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towbow is a scrappy market. how alibaba keeps on going, it's free. i might do. it's excite exciting as i do. i could sell them for nothing. i charge but i don't have to pay alibaba because it's free. of course, to get my plastic garbage merchant store known i'm probably going to spend money on advertising, to alibaba makes advertising but nothing from listing fees and that's why ebay dies in china. ebay famously said free is not a business model, well, it is, they're wrong, if you do something else. they do charge commission. maybe 2%, 3%. so alibaba wants to do more, much more bigger part of the business because, of course, they make commission and also the issue of fakes. but there's an issue with temo, mother -- merchants buy their own products. it'll get them up the rankings
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and they're the number one licensed plastic garbage can whatever company. china, those of you who lived an visited there know it's completely unpredictable in a way that we all become addicted to. in china if you want to cross the road, i could see green does not mane it's okay. green is probably run with more awareness than red, actually. so you know that's kind of how you have to understand china, contradictory rules. when we come -- i was talking about belinda. the first day or two when we come out to china, you kind of -- i find this, i've yelled at people, like chill, life is not stressful but we miss it, we love it there. that's what alibaba has. capture the street field. so, for example, if you buy an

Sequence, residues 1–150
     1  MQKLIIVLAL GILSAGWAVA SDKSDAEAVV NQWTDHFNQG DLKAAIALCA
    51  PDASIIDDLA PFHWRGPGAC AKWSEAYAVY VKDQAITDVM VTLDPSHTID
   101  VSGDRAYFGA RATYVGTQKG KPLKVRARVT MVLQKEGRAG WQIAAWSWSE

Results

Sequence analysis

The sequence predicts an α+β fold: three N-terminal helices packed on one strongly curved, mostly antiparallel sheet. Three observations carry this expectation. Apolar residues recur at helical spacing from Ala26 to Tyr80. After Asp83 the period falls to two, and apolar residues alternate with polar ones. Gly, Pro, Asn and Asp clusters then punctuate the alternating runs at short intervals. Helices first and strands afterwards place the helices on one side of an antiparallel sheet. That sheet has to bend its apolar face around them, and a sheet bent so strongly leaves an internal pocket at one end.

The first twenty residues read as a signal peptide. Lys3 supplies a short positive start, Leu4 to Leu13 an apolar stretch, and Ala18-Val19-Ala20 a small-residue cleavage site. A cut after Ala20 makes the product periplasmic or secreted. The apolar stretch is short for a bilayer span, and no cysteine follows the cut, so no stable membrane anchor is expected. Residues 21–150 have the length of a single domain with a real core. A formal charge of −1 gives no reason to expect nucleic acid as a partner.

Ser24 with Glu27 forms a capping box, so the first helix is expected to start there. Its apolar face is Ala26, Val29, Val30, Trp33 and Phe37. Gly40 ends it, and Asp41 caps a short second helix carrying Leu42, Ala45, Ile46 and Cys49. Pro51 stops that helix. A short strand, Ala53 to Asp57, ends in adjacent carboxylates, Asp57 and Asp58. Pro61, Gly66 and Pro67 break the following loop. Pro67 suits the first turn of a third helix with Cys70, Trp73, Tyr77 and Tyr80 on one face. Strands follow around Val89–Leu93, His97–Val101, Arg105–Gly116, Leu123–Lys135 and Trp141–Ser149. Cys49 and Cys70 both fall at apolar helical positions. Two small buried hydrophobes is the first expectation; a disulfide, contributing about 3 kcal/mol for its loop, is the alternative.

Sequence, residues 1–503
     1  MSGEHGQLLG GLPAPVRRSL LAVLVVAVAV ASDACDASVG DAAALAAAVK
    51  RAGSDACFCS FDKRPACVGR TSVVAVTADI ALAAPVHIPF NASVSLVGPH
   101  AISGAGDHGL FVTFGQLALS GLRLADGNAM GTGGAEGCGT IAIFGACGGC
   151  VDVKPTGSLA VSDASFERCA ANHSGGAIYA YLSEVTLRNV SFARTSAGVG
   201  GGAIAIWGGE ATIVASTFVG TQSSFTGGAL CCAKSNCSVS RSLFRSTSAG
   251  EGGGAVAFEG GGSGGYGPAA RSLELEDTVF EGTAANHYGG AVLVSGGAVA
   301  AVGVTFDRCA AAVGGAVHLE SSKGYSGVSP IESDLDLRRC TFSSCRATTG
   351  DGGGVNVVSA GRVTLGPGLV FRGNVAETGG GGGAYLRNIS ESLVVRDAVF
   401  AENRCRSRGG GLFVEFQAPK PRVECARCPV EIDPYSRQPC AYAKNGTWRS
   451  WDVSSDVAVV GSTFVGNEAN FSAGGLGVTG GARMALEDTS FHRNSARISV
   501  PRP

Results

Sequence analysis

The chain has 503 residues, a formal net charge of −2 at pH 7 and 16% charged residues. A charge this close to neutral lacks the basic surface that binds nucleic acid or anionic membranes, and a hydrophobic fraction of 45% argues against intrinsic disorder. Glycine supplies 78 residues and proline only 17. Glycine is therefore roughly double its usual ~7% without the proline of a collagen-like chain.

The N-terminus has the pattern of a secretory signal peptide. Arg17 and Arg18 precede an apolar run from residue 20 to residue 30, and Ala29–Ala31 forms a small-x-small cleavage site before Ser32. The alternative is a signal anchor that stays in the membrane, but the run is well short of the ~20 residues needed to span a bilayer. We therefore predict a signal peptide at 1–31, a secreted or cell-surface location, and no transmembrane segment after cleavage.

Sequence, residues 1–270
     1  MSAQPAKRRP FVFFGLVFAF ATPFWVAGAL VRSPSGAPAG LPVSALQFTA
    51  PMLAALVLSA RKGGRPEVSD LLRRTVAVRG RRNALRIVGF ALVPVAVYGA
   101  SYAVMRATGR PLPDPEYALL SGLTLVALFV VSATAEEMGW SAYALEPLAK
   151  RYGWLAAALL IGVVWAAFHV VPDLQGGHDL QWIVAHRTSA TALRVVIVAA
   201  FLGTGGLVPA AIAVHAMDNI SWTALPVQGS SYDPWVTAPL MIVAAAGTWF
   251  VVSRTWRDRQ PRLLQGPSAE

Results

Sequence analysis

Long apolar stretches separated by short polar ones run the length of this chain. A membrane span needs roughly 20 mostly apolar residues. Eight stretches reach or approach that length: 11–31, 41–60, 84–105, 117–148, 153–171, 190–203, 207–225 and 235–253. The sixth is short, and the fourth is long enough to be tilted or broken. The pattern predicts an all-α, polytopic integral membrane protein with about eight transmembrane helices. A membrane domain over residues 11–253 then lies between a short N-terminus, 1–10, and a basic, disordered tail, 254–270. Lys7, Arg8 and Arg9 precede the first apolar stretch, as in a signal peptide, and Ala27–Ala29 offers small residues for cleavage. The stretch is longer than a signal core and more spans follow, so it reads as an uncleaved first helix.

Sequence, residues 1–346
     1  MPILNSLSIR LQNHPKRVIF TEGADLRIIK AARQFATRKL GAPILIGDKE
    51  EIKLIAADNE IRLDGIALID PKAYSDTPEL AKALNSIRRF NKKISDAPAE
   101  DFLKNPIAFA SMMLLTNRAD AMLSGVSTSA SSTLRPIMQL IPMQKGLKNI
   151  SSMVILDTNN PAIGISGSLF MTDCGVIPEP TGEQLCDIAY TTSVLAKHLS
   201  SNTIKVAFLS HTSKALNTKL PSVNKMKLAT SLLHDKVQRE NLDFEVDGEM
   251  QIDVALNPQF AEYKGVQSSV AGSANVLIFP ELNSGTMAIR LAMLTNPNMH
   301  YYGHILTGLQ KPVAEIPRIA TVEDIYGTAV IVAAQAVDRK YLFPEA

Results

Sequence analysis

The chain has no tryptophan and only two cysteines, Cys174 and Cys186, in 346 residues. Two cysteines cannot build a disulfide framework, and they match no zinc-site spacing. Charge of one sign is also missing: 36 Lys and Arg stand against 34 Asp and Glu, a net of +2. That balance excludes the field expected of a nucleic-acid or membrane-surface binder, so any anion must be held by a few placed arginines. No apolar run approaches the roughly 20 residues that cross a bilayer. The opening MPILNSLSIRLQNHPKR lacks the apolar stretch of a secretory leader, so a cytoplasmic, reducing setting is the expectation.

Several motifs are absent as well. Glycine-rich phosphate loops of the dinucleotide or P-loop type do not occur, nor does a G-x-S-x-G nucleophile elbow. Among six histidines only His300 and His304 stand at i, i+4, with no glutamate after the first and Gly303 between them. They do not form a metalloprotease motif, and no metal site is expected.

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alibaba from merchant, let's pick another example because i'm tired of the plastic garbage can. it might be, i don't know. it's not for me. a guy selling tights, women stockings and all he does and it's very good. many people use and he's been good quality and always delivered on time and he has another job. he makes five times salary just selling women's tights on talba. it's not just one off kind of thing. they have a chat function. it's like a marriage client that popped up and you have almost like the vendors, garage can vendors but you basically have people who you know are your guide which is kind of like the old market, the umbrella person and they will give you